Investigative reporter Nina Burleigh talked about the James Ossuary and other contentious archaeological 'finds' from the Holy Land. Many of the archaeological digs in Israel are being financed and carried out by Fundamentalist Christians, Burleigh said. The person who crafted the James Ossuary played into their desire to find ancient objects that could confirm the validity of Scripture, she noted.
Burleigh traced the path of the Ossuary from an anonymous collector to renowned Semitic epigrapher Andre Lemair to Hershel Shanks of Biblical Archaeology Review, who to this day defends the authenticity of artifact. According to Burleigh, the James Ossuary is partly authentic -- it is an ancient bone box. However, scholars performed chemical analyses on the box and found modern materials stuck into the carved phrase "brother of Jesus," confirming the inscription was new. Further investigation revealed the anonymous collector had a workshop where such artifacts could be produced.
Burleigh also discussed the Ivory Pomegranate, another highly-prized inscribed object that was thought to have come from Solomon's Temple. The relic was looked at by the same team that examined the Ossuary and found to be fake, she explained.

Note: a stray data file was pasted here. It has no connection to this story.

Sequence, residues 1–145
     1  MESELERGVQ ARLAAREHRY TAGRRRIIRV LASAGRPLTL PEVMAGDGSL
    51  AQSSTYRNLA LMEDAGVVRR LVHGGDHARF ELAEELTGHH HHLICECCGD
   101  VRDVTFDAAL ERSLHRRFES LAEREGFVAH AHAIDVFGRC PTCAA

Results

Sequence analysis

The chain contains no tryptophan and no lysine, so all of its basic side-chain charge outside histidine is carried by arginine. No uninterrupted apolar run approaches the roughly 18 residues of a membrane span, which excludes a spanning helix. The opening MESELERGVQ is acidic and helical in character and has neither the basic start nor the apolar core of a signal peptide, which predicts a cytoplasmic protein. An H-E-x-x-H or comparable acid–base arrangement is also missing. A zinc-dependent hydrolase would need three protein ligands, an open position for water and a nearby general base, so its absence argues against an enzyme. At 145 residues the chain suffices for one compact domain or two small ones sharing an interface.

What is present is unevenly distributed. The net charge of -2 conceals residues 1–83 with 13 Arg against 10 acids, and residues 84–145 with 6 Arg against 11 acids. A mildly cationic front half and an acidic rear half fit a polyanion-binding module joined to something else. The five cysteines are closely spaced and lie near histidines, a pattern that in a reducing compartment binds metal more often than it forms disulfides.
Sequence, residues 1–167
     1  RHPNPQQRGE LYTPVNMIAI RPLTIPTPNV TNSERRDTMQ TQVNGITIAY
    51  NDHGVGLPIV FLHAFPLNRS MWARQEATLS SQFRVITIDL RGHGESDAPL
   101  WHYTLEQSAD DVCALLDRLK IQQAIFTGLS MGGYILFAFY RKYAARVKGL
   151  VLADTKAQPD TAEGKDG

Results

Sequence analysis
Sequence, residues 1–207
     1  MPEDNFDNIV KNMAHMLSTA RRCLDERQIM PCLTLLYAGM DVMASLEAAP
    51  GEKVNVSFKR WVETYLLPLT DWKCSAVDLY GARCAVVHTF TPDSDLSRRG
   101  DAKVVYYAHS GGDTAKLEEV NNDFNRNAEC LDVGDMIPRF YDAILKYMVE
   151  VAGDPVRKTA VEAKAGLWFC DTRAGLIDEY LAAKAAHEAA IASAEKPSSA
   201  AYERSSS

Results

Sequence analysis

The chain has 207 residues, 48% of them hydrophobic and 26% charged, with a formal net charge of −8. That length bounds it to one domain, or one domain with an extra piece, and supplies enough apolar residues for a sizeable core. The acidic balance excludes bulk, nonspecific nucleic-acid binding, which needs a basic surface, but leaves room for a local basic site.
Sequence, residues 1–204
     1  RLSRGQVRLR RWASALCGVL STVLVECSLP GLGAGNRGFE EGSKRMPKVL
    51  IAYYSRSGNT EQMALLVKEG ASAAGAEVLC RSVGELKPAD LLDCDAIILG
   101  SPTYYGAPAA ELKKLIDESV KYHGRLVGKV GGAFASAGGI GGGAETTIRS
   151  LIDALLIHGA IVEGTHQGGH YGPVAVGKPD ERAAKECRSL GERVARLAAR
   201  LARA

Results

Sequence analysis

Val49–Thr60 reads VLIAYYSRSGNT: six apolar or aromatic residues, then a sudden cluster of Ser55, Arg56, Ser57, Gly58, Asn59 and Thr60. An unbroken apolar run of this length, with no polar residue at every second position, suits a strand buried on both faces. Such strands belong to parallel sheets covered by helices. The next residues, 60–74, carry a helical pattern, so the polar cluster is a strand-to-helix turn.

Burleigh warned potential tourists to the region to beware of phony goods, as 90% of the 'ancient' merchandise in stores is not genuine. There are some real finds going on in Israel though. "Ancient history is being revealed on a daily basis," Burleigh pointed out. Dorot Director and Professor of Archaeology at the W. F. Albright Institute of Archaeological Research, Sy Gitin, spent 20 years working on an inscribed object that spoke about the Phoenician civilization, she said. While not as exciting as finding the bone box of Jesus' brother, it was an important discovery nonetheless.
In the first hour, Dr. Jeffrey Meldrum provided an update on his Bigfoot research. The DNA sample taken from a 'screw board' bear trap and originally thought to have belonged to a non-human primate may have been contaminated. It does not belong to Bigfoot, Meldrum said. He also shared details from the eerie stone throwing incident at a remote cabin in Canada that happened while he and the crew were taping an episode for Monster Quest. (see Sasquatch Attack? article)
The Monster Quest crew experienced an unusual incident at a remote fishing cabin near Snelgrove Lake, Canada. A member of the audio crew had a rock thrown at his head from the woods (see video). Another mysterious rock hit the roof of the cabin, as did a wooden log, the crew member noted. About the occurrence Jeff Meldrum said, "Obviously, there's nothing in the woods, that's recognized anyway, that can lob rocks in that fashion" (see video). The most recent 'Sasquatch Attack' can be seen at watchmonsterquest.com. (*requires install of Zango)
Bumper music from Saturday November 15, 2008